Smaller Institutions Successfully Compete in Shadow of Pittsburgh Titans
by Cheryl Haas
There’s a nasty fight going on in Pittsburgh. Two of the biggest health care names in the service area are spending millions of advertising dollars in hopes of landing a knockout punch. UPMC (University of Pittsburgh Medical Center) and Highmark, traditionally an insurer, have been locked in a long-running feud that has spilled from the courtroom to the airwaves. At the root of the dispute is Highmark’s entrance into the provider arena when it acquired West Penn Allegheny Health System, which happened to be UPMC’s chief rival. As a result, UPMC has refused to renew hospital and physician contracts with Highmark that expire at the end of 2014 and has expanded its own insurance services. While their lawyers haggle, both giants have carried the battle onto the TV airwaves, where they duke it out in the court of public opinion.
In their efforts to pummel each other, UPMC and Highmark outspend smaller health systems in adjacent counties by huge sums. Kantar Media, an international firm that tracks ad buys and provides competitive intelligence, reported that between January 2013 and September 2013, UPMC spent $4.56 million on advertising. Allegheny spent $1.66 million (which doesn’t include monies spent by its parent company, Highmark). In contrast, Excela Health and Heritage Valley Health System, the next largest systems outside the metro area, each spent approximately $500,000. Butler Health System lagged way behind the giants with advertising expenditures of $26,000, and Washington Health System spent a mere $16,000 in keeping its brand before the public.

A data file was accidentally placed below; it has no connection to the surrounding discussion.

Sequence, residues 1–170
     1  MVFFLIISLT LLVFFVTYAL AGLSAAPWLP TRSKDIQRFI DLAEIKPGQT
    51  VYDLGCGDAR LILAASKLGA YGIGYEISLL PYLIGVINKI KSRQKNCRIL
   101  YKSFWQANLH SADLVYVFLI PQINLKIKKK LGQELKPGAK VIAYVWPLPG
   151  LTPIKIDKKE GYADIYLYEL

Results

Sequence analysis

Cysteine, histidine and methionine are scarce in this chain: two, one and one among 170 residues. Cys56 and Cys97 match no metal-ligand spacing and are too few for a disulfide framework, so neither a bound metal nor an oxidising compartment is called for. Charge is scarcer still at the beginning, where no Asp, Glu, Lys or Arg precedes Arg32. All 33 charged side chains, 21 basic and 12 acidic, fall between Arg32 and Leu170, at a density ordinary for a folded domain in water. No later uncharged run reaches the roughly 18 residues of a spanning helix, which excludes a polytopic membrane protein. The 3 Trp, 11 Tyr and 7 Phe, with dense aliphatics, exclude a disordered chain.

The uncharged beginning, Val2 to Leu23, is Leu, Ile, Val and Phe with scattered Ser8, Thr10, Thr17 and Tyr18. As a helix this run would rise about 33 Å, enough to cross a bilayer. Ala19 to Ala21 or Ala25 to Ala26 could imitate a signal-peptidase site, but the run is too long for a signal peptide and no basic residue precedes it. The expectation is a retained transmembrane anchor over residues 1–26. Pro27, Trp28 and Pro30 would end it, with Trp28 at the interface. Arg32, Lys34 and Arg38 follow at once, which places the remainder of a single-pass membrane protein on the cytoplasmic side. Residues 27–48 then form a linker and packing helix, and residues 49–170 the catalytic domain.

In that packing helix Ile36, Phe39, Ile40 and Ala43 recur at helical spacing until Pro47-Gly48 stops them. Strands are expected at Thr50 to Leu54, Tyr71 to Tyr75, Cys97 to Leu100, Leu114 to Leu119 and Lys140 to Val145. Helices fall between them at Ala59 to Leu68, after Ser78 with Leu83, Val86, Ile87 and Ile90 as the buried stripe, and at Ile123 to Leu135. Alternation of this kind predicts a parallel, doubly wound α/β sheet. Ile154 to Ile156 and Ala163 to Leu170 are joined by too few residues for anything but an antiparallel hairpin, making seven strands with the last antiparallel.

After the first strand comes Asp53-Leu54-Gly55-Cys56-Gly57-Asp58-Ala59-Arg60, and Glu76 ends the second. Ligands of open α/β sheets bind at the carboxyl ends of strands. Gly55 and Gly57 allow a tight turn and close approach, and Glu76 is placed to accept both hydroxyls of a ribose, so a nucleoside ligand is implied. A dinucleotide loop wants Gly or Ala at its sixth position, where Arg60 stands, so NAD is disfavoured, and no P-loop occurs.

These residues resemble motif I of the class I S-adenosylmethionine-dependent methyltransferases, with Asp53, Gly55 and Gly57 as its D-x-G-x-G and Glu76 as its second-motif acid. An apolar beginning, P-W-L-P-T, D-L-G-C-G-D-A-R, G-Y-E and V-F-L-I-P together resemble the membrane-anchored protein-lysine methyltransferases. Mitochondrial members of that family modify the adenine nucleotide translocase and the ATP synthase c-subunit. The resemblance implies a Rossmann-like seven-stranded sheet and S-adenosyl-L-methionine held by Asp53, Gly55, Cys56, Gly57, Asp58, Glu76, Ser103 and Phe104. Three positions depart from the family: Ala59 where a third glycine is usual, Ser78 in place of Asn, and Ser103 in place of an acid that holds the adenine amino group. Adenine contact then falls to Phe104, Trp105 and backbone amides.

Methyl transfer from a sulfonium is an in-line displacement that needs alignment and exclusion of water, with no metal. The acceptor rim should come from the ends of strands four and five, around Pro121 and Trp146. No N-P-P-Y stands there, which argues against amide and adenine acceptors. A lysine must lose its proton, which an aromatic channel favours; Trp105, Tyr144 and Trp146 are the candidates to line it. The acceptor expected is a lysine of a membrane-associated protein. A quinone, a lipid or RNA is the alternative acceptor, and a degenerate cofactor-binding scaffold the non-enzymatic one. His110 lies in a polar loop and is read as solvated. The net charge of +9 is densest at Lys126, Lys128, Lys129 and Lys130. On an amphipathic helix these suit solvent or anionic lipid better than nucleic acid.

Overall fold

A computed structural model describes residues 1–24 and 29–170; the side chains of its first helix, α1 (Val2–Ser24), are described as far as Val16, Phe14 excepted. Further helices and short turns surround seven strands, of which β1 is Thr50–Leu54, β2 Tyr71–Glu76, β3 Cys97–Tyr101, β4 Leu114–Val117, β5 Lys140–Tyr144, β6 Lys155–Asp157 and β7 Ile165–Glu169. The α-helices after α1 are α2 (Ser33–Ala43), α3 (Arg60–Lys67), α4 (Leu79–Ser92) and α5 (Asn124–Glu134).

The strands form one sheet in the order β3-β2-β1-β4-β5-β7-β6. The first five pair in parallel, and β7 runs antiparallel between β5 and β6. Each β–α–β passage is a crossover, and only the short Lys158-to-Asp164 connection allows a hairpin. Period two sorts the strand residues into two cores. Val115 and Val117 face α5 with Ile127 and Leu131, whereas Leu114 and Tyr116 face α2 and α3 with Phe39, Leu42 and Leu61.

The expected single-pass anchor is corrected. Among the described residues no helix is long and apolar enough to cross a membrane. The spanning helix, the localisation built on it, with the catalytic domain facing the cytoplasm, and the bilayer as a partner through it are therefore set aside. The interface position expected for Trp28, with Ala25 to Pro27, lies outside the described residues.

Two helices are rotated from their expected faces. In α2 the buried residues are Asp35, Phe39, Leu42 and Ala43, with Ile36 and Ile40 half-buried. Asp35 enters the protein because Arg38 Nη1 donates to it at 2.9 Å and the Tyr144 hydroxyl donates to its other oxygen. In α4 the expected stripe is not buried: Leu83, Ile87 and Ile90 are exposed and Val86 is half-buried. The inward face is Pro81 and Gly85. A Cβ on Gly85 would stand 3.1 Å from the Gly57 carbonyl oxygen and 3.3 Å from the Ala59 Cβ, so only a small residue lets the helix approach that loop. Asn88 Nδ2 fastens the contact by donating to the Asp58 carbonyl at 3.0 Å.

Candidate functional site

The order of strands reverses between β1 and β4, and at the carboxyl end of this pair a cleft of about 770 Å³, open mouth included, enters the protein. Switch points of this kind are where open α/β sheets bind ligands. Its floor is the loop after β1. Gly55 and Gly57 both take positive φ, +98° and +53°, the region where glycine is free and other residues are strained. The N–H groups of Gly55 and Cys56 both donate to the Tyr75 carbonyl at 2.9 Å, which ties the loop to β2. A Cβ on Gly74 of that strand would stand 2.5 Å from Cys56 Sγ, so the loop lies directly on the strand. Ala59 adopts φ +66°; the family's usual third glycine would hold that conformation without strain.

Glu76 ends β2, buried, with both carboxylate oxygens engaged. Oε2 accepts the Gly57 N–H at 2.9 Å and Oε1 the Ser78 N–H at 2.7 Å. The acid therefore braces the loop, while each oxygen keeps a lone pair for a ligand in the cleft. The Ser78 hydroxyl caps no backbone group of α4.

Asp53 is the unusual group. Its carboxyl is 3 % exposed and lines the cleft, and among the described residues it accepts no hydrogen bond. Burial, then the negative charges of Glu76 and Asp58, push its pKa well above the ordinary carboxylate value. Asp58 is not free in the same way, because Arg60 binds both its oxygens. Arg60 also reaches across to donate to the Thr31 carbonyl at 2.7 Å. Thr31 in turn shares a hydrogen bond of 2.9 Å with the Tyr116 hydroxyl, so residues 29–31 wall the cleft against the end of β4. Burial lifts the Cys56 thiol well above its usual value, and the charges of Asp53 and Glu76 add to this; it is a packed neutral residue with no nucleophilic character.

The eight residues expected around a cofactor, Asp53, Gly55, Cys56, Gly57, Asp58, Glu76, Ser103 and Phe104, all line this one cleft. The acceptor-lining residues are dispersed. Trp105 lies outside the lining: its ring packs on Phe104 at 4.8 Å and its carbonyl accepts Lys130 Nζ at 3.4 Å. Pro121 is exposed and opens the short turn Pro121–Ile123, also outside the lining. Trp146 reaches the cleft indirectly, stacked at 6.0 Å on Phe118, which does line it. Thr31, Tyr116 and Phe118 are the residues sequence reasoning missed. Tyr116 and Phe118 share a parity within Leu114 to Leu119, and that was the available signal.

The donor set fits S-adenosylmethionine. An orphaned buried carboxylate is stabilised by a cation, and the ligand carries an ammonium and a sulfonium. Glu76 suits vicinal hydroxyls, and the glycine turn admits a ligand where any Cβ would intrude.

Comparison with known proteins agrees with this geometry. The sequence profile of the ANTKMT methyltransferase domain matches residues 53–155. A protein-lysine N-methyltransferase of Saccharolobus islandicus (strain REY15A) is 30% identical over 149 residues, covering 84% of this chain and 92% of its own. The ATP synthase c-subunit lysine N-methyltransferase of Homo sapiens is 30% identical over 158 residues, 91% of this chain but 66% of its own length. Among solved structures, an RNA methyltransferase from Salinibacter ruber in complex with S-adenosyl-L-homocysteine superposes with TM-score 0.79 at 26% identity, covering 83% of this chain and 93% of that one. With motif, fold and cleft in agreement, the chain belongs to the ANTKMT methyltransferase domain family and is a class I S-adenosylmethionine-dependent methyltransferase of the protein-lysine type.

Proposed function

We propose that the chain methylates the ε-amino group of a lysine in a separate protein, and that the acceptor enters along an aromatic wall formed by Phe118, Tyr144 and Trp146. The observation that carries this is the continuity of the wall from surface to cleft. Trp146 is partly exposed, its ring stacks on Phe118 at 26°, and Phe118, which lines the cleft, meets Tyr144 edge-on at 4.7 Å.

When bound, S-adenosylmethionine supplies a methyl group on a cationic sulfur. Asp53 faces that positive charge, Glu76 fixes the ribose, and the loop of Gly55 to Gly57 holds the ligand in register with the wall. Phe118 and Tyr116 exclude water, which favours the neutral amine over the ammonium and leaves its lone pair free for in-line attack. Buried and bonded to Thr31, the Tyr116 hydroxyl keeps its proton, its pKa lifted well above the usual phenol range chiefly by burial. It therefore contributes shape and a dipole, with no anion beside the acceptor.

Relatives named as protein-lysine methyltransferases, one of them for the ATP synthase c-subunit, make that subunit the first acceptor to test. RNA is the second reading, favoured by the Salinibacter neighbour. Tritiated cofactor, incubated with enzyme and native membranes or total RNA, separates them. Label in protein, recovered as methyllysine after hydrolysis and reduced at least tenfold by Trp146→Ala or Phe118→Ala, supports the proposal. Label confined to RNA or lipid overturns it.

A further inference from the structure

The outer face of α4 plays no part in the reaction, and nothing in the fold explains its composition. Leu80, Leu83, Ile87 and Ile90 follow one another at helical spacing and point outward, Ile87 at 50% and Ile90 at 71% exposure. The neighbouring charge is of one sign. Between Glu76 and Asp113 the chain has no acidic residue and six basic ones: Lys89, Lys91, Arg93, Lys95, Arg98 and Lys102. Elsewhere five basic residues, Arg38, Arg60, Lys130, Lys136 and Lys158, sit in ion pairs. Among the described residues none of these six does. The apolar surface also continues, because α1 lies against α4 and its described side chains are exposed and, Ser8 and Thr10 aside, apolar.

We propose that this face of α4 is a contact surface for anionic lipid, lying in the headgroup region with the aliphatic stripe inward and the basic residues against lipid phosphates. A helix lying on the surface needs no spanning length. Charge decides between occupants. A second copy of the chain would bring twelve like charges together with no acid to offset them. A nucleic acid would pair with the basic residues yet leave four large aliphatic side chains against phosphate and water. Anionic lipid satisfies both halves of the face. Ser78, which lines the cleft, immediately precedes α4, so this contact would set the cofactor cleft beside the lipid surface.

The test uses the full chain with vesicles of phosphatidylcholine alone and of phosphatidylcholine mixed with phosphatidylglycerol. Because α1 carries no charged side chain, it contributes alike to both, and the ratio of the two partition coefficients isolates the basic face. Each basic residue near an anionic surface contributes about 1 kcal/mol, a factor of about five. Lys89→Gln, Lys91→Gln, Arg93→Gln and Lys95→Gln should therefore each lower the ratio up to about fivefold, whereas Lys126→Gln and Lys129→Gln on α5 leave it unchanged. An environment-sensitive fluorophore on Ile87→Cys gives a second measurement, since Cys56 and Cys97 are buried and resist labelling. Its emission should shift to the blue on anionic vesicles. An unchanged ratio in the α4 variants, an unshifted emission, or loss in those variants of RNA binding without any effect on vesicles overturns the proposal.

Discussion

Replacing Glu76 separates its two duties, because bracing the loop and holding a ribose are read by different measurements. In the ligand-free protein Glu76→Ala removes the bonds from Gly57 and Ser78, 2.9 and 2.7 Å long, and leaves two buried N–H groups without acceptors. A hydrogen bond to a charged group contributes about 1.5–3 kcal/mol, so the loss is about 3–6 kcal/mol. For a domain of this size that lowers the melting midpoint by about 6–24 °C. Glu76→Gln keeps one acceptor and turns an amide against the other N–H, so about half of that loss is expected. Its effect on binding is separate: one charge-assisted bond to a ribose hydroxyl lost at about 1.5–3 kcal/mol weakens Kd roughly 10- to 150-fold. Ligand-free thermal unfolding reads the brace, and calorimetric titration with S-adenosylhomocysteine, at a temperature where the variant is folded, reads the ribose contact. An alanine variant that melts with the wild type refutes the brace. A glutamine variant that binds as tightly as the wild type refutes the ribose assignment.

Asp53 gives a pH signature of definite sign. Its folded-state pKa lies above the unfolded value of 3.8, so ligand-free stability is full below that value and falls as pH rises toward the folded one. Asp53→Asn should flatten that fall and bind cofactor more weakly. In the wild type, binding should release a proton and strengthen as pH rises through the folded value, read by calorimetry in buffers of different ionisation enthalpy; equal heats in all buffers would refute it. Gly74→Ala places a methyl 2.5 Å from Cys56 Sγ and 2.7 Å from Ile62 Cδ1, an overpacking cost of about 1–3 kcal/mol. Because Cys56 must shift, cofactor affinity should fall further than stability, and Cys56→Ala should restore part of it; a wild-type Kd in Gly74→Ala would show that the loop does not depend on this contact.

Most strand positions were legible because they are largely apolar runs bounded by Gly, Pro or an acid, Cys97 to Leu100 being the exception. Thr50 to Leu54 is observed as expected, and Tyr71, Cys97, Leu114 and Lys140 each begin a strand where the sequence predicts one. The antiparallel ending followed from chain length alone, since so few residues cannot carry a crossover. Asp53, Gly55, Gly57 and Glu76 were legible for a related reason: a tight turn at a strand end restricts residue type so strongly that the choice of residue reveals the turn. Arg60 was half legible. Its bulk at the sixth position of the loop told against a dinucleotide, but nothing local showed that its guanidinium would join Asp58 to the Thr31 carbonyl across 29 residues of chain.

So how do the “little guys” compete when their resources are limited in comparison? The answer is – surprisingly well.
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